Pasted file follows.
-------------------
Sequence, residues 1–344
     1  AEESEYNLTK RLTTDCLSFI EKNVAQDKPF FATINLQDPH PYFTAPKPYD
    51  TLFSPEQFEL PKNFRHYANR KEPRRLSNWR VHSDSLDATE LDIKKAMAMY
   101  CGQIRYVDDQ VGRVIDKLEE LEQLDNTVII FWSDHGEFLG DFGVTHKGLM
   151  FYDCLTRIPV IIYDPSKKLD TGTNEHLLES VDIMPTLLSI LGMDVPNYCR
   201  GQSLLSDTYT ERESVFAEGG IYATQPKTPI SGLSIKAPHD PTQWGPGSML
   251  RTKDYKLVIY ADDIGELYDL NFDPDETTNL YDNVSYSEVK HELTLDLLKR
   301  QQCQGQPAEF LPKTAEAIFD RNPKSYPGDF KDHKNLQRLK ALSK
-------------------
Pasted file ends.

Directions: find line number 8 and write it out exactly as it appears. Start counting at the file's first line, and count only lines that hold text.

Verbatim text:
   301  QQCQGQPAEF LPKTAEAIFD RNPKSYPGDF KDHKNLQRLK ALSK